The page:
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From: Douglas Gregor (doug.gregor_at_[hidden])
Date: 20060821 10:17:42
On Aug 20, 2006, at 11:48 PM, David Abrahams wrote:
>> 3) The concepts can be built up from primitives using and_ and or_
>> and not_
>> operations, just like in Stroustrup's proposals. For example, the
>> concept
>> above could have included this statement instead: "typedef
>> and_<CONCEPTS_USE_PATTERN(b = left < right), CONCEPTS_USE_PATTERN
>> (b = right
>> < left), copy_constructible<left> > constraints;"
>
> I think I'd better leave it to Doug Gregor to explain why "or"
> constraints are problematic.
They are problematic for technical reasons (e.g., one needs to type
check a template an exponential number of times when it uses or
constraints), but the real issue with or constraints is that they
aren't sufficiently motivated. I've never actually needed them myself
(ever), and the two examples I've seen have better solutions. For
example, consider an abs() function that can work for either Integral
or Floatingpoint types:
template<typename T> where Integral<T>  Floating<T> T abs(T x);
Or constraints work here, but we could just as easily have used a
different concept (say, "Numeric") that better matches the
requirements of abs:
template<typename T> where Numeric<T> T abs(T x);
To make this formulation equivalent to the one using , we need to
ensure that all Integral and Floating types are also Numeric. With
the benefit of foresight, we would have made Integral and Floating
refinements of Numeric:
concept Numeric<typename T> { ... }
concept Integral<typename T> : Numeric<T> { ... }
concept Floating<typename T> : Numeric<T> { ... }
Even without foresight, we're fine: just write two "concept map"
templates that turn Integral and Floating types into Numeric types:
template<Integral T> concept_map Numeric<T> {}
template<Floating T> concept_map Numeric<T> {}
So, our new abs() works with both Integral and Floating types, like
the  version, but it's better in several ways. First, the compiler
only needs to typecheck abs() once (not twice). Second, the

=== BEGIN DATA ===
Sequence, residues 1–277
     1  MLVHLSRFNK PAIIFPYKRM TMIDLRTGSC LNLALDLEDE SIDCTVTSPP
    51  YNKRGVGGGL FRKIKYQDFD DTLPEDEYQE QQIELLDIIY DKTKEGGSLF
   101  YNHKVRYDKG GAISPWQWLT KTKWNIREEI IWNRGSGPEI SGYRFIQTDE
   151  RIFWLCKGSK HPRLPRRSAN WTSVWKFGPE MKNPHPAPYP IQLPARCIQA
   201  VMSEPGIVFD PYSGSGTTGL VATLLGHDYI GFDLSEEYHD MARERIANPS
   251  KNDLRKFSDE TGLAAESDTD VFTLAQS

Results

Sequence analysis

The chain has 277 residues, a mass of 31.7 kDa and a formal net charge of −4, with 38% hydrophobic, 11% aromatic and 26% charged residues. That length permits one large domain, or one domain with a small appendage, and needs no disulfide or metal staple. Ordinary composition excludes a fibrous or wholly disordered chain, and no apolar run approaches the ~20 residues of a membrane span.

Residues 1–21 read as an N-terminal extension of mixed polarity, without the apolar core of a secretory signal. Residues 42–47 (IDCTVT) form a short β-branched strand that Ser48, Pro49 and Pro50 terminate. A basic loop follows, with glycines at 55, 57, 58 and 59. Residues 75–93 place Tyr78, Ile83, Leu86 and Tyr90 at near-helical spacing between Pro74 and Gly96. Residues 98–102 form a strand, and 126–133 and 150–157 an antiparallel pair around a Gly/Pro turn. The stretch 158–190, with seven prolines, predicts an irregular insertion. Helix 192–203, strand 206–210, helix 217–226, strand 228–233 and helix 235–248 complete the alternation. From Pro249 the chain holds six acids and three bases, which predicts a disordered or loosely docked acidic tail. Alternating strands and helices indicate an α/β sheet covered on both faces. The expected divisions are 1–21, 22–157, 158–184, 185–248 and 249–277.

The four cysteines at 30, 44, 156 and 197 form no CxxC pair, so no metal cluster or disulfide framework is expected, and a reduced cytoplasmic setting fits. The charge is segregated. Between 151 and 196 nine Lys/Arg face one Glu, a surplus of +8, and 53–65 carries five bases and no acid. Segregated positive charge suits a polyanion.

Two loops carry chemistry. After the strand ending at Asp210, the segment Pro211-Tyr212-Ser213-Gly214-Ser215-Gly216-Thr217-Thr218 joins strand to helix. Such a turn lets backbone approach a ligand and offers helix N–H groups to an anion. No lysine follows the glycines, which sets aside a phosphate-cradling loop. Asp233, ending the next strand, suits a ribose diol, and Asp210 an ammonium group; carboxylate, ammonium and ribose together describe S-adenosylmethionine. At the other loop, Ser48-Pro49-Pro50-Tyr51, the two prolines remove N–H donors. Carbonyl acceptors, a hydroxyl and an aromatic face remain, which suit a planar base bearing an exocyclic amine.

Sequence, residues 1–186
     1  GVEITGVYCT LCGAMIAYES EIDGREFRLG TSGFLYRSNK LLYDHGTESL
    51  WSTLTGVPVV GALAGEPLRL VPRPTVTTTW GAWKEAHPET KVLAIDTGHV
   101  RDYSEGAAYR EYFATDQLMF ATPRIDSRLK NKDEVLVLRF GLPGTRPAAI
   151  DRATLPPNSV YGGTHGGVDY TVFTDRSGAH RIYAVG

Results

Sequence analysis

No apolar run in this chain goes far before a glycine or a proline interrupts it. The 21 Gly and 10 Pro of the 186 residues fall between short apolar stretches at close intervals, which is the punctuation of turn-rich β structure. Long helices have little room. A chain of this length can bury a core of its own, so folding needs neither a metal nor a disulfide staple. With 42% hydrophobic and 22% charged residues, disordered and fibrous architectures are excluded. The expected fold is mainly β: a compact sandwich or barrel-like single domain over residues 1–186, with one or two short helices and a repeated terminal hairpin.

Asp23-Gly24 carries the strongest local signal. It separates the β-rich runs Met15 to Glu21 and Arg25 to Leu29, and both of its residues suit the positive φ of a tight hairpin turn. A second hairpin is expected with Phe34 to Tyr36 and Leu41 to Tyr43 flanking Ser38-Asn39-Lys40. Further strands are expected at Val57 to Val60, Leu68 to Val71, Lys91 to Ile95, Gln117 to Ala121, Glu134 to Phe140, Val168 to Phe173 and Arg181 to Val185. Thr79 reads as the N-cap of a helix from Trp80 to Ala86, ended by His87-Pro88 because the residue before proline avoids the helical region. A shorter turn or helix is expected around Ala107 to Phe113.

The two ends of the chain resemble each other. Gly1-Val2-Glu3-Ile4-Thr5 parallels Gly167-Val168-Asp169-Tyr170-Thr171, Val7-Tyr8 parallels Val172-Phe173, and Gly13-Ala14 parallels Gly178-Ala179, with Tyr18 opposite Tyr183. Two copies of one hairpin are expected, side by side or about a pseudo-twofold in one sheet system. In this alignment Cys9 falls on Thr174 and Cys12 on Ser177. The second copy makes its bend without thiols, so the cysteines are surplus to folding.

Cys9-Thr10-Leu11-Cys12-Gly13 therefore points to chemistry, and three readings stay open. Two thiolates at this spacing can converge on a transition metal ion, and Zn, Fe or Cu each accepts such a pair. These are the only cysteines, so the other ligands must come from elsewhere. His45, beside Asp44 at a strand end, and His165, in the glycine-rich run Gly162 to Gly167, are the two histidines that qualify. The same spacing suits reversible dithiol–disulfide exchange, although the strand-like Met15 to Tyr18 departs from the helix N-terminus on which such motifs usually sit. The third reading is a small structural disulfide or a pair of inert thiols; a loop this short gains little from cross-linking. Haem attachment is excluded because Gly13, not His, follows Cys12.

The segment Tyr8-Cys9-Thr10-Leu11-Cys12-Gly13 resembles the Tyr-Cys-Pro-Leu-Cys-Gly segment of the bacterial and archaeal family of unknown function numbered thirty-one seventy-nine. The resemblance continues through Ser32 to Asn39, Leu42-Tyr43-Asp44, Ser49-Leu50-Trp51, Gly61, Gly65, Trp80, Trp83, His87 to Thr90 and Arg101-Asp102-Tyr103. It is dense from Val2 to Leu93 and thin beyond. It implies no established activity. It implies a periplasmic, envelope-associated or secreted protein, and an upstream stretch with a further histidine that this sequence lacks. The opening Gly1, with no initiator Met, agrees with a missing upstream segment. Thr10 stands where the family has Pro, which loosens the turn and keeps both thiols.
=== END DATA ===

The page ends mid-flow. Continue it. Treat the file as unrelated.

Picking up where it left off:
declaration of abs() more closely reflects its actual requirements.
Finally, abs() can now be used with any Numeric typeeven those
that are neither Integral nor Floating, such as rational numbers.
I am, of course, very interested in seeing realworld examples using
. Every example I've seen is better implemented without it. Of
course, assuming we do have some realworld use cases, someone still
needs to figure out how to implement  constraints without an
exponential blowup.
>> 4) This use pattern syntax more closely resembles the C++0x use
>> pattern
>> proposals than any other existing library.
>
> Unless you're looking at the wrong proposals ;)
>
> Usage patterns don't really work for compiler support of concept
> checking, because they hide intermediate types that need to be
> explicit.
There is some work on trying out usage patterns for real, in the
context of ConceptGCC. I don't know the status, but eventually it
should show us just how critical those intermediate types are.
> Well, it looks really interesting (really!), but I think you should
> review the ConceptC++ publications, in particular N1849, before
> investing more time in it. Also, IMO, you should try to model the
> standard concepts and see how it works out in practice.
I strongly suggest that we focus on the latest concept proposal,
N2042. N2042 is the result of countless hours of discussions among
the authors of the two different concepts proposals, and it is the
only concepts proposal that will be moving forward.
You can find uptodate information on the concepts proposals,
compiler, etc. on the ConceptC++ home page:
http://www.genericprogramming.org/languages/conceptcpp/
Cheers,
Doug
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